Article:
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Brave families urge others to return to Newman Center

We were Newman, where did you go? As a parishioner for over 40 years, it is time to say a word.

Yes, a lot has changed; the priests are different, the church looks different, the artwork has been replaced, the music groups are dwindling, and just about everything that we knew and loved about our community has been turned upside down.

I will admit the changes have been difficult but the thing that has really hit those of us who have remained is the absence of you. For me, that has been the hardest change because many of you left without giving it an opportunity to work.

We were Newman, a strong vibrant Catholic community. We were Newman, a place where many volunteered. We were Newman, a center of dialogue and discussion. We were Newman, a church which, in some instances, leaned a bit left for my tastes.


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But I attended in spite of that, I stayed because Newman is my Catholic community. Our ranks appear to be down to at most 20 percent of the original parishioners from the time of the Dominicans.

Am I unhappy that this change was forced upon us and handled badly? Of course. We have a right to be upset and frustrated. However, that does not change my love for what made Newman special and that, in large part, was you.

To Father Michael DePalma, you should know that other Catholic communities in Albuquerque are reaching out to the scattered Newman flock. They recognize the value of their faith, their willingness to volunteer, be active members of their Catholic community and the possible donation levels they could provide another parish.

I myself have received one such email where I was personally encouraged, as well as other ministry heads, all ex-Newman Center parishioners and those who have expressed an interest in serving at another Catholic community, to attend a Parish Pastoral Council meeting.

You indicated once in an article in the Albuquerque Journal that the Newman Center had become a haven for those disenchanted with the Catholic faith. Other parishes don’t seem to view us that way and, additionally, I’m no Catholic scholar but isn’t that whom you should be preaching to?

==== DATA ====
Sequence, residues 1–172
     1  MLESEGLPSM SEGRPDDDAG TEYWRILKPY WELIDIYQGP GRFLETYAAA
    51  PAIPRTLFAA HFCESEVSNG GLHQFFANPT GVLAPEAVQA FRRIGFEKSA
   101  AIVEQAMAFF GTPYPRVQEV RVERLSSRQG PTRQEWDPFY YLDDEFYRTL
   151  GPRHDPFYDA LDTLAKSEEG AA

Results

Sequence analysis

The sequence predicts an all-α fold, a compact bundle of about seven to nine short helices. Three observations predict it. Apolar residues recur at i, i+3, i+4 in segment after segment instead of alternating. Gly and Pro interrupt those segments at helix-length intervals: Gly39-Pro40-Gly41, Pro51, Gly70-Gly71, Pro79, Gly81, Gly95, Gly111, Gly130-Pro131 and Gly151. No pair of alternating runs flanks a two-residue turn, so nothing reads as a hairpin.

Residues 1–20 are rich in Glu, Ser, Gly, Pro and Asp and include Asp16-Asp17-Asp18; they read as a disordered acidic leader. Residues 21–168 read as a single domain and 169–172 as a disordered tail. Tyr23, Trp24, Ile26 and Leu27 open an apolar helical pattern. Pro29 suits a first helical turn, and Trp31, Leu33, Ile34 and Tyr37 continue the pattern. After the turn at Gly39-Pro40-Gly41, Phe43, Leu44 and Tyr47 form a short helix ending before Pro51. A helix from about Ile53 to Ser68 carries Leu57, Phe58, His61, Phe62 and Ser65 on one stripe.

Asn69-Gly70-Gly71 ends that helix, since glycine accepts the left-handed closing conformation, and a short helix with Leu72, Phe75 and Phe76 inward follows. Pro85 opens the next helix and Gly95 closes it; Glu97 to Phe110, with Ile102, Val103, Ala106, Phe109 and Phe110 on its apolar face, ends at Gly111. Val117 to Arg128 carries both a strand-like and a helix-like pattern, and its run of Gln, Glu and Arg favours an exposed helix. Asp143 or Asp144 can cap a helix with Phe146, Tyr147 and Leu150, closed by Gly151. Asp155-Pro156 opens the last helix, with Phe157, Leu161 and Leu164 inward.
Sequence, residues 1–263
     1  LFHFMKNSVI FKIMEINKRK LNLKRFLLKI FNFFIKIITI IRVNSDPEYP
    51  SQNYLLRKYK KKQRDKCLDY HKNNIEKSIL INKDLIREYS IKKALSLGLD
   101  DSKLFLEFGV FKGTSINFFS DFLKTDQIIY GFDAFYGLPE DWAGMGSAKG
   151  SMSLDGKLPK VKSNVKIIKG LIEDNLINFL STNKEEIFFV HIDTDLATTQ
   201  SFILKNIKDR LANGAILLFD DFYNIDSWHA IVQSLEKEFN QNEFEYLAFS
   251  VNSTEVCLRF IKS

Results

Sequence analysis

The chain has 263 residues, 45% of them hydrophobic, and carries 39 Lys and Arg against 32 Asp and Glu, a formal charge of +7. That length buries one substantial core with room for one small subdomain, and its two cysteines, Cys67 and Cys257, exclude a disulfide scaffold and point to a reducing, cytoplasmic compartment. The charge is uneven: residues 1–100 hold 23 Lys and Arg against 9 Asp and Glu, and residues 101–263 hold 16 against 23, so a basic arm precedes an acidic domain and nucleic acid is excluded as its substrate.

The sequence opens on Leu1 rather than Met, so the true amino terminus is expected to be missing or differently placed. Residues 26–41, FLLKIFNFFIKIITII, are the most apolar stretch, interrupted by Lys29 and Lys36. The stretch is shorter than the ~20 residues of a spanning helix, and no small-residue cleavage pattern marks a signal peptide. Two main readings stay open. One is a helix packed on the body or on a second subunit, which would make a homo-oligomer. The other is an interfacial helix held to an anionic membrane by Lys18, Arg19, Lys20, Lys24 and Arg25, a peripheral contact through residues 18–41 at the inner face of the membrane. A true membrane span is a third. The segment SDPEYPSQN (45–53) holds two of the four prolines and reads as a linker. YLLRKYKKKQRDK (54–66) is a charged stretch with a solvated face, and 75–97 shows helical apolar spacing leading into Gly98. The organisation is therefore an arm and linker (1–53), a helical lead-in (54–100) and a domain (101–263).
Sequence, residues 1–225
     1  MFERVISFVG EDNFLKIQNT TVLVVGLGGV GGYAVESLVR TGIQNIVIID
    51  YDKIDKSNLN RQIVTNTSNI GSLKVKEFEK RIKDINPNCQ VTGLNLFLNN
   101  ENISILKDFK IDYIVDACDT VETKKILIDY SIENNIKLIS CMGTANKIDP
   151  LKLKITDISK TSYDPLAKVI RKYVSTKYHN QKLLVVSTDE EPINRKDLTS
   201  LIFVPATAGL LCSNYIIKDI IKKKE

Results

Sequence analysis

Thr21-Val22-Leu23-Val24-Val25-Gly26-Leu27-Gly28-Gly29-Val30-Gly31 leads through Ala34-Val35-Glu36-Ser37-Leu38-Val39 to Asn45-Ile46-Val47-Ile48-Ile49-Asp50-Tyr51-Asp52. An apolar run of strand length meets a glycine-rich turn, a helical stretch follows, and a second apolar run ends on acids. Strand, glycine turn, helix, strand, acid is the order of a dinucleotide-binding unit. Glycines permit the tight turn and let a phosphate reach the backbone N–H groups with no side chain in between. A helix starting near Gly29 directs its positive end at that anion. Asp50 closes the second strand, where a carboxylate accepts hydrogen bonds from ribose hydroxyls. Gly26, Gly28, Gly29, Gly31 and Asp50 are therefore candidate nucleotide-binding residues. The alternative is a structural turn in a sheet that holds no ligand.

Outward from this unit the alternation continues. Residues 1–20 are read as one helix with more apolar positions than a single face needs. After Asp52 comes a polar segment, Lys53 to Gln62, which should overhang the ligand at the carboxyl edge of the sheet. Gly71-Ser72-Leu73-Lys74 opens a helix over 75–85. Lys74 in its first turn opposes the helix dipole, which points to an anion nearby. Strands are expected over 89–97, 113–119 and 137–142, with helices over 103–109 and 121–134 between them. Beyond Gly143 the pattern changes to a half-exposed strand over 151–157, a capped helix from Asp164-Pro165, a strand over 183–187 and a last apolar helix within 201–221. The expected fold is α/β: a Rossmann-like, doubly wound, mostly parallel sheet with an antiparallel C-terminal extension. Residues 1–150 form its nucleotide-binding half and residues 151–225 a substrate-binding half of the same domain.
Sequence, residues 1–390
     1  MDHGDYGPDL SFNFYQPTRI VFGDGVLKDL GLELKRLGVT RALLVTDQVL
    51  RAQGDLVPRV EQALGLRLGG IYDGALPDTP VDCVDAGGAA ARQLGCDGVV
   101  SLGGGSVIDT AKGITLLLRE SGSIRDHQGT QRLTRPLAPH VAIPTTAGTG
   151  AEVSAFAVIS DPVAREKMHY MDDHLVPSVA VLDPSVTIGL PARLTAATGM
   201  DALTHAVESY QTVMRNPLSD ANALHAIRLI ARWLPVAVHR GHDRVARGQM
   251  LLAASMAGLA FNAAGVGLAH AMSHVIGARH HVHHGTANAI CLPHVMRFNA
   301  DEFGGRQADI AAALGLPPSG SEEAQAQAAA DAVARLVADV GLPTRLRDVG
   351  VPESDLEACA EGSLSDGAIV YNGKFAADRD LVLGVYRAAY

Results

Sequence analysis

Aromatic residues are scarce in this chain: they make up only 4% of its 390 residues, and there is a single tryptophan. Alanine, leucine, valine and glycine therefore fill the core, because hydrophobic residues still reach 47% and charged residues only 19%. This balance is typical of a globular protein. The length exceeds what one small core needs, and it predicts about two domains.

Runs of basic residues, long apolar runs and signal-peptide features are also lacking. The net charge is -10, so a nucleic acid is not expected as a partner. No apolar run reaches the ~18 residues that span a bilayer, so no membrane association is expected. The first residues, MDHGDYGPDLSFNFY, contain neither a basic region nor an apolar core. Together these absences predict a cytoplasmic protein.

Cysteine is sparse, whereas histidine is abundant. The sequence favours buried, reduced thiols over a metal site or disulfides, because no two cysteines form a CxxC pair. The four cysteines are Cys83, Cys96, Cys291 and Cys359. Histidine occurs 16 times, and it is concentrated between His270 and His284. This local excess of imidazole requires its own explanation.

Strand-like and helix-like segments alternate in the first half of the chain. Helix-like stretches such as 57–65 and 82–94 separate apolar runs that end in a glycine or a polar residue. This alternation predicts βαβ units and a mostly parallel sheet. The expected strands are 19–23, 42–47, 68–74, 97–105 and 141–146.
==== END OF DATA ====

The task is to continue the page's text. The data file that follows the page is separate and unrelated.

The Newman Center had strengths and it is high time you sent a letter to the former parishioners recognizing those strengths and welcoming them back.

An interesting aside to the changes is the reaction my children have had.

They are wanting to volunteer now and they have expressed that they are OK with the changes.


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As a mother of teenage boys, I feel the new priests are doing something right if they have captured the attention of teenagers. Positive changes exist as well, having daily Mass twice a day is an example; you know when it is every day, twice a day, which makes it far easier to attend.

Father Simon Carian and Father DePalma appear to be good and holy men, and the novices are delightful. They are largely from New Mexico, they know our community, grew up here, and already know about the benefits of St. Martin’s and the Brothers of the Good Shepherd and the like.

The Newman Center will survive; financially, the funds have got to be tight and I imagine the archdiocese will have to assist if it hasn’t already.

It will not be the same, but we were Newman and I openly invite my fellow parishioners who have chosen to leave to come back. Your Newman community needs you more than ever and it is sad you have abandoned the rest of us who are brave enough to stay.

We are the five or six families who are brave enough to be the only ones to reach across the aisle and hold hands during the Lord’s Prayer, and we need you.

We are Newman, a rather pathetic, lonely group, but we are Newman and will remain.